There's a terrific article in this month's Harvard Business Review entitled "Customer-Centered Brand Management." (You can purchase and download the article here for $6.)
The focus is on how brand management still trumps customer management in most large companies. A good example is Oldsmobile; the brand managers tried to keep the brand alive by repositioning it through the slogans, "This is Not Your Father's Oldsmobile" and "A New Generation of Olds." Neither campaign was effective in bringing younger users to the brand, and in 2000 GM announced that Oldsmobile would be phased out.
Why did General Motors spend so many years and so much money trying to reposition and refurbish such a tired image? Why not instead move younger buyers along a path of less resistance, toward another of the brands in GM's stable -- or even launch a wholly new brand geared to their tastes? ... We know why not, of course. It's because in large consumer-goods companies like General Motors, brands are the raison d'etre. They are the focus of decision making and the basis of accountability. They are the fiefdoms, run by the managers with the biggest jobs and the biggest budgets. And never have those managers been rewarded for shrinking their turfs.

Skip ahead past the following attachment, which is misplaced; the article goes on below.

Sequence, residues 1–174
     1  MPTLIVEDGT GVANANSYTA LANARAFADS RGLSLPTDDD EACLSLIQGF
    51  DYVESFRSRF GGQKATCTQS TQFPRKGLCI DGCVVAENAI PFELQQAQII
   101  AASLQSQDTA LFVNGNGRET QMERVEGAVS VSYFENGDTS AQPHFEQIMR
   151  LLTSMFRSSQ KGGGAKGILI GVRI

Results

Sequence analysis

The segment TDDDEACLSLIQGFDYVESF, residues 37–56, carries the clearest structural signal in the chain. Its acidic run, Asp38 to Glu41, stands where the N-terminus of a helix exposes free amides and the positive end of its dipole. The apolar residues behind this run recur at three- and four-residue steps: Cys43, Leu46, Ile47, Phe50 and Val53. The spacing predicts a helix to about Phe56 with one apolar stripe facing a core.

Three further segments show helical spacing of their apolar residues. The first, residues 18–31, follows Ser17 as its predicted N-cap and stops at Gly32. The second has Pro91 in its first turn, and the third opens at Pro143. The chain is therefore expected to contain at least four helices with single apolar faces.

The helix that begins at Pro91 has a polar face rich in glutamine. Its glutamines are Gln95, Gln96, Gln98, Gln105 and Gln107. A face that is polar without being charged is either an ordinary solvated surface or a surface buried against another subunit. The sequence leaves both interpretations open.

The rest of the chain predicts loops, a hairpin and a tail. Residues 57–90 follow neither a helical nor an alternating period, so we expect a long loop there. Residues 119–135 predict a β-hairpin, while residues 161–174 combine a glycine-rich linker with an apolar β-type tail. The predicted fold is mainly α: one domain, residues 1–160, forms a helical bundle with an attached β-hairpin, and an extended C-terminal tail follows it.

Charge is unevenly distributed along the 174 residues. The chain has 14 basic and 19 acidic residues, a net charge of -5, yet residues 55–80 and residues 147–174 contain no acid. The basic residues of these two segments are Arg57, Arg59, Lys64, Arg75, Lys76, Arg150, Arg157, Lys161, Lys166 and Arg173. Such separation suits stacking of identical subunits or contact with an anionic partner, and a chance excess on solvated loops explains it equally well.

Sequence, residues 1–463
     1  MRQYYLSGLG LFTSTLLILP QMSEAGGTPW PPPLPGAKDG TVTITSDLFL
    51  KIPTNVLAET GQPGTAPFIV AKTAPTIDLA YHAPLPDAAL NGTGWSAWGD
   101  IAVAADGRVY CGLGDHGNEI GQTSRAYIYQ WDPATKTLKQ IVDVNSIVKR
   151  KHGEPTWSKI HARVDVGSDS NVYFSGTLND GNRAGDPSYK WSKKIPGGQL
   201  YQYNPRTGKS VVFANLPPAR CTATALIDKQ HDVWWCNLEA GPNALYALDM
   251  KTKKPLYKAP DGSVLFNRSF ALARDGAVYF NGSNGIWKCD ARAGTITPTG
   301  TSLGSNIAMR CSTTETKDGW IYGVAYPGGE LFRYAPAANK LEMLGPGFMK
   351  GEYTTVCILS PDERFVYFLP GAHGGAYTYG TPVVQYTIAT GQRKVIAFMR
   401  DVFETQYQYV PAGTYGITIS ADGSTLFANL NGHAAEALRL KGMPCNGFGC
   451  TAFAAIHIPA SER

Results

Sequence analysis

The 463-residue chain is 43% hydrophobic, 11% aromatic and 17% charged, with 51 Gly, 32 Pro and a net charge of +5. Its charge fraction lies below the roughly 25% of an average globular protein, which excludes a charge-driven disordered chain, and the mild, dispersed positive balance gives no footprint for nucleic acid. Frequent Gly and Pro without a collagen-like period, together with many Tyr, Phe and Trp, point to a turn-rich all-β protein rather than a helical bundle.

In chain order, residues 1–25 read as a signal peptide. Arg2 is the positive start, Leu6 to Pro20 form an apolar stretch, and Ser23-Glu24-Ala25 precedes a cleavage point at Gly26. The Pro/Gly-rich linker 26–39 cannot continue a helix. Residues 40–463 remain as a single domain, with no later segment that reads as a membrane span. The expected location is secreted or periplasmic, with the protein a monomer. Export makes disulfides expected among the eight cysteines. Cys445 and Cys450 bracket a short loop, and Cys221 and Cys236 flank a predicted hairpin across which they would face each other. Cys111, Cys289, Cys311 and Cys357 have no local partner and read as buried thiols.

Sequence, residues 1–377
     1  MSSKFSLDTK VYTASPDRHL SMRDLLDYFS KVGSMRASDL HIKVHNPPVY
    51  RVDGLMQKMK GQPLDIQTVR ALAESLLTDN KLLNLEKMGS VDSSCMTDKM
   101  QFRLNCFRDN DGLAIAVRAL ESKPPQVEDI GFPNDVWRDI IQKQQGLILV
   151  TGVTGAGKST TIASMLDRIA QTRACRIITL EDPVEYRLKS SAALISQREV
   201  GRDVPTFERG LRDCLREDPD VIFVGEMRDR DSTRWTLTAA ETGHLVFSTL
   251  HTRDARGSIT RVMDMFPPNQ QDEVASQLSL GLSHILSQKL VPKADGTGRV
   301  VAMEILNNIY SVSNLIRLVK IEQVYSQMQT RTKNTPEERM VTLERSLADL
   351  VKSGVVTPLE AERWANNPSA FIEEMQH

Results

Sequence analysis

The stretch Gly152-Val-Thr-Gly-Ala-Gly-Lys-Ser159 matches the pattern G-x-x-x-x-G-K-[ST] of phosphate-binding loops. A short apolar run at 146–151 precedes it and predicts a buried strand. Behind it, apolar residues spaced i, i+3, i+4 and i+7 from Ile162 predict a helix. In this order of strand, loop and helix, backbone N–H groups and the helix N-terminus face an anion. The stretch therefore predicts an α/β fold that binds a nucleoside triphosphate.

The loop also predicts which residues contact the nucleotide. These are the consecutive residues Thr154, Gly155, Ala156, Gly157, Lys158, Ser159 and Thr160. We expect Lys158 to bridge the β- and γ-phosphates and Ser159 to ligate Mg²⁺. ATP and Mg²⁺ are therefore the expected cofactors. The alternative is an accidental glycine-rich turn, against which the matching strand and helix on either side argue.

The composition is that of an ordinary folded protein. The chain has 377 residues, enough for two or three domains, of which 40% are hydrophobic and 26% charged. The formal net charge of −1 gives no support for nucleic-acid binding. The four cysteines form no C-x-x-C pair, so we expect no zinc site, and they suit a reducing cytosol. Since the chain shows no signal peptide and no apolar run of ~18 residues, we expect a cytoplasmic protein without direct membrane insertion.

The article goes on to promote a reinvention of brand management that puts the brand in service of the larger goal: growing customer equity. Amen to that. A brand is is an idea in the minds of its customers, and it's extremely difficult to change customers' minds. The path of least resistance is to fully understand your customers and determine if your brand can meet them where they're at. Unfortunately, most marketers try to make customers come to the brand instead of vice versa.
I think it helps to think of brands as emergent. Not things that unfold according to the master plan, but that emerge as a result of all the encounters between people who belong, with varying degrees of enthusiasm or loathing, to the community around a brand.
That doesn't mean, that there is no role at all for strategy and planning but to my mind it should shift attention towards responding rapidly to what's going on at the chalkface (I hate that word "touchpoints"). Because your brand is not created in the boardroom or marketing department, it's being created by us ordinary folks who stack your shelves or pick our cornflakes off them.
So if brands are emergent and fluid, what are the implications for the idea of brand equity? The HBR article answers:
Assigning an average value to brand equity is dangerous because it obscures the fact that brand value is idiosynchratically assigned by the customer. Managers begin to believe that the value of their brand is somehow intrinsic -- that, like a diamond in a necklace, the brand has an objective, inherent value.
Which leads to some great questions. How 'set in stone' do you believe your brand to be? How open is your company to bringing the customer into the brand management process? Do you see the world through a compartmentalized brand/business unit lens or through a customer lens?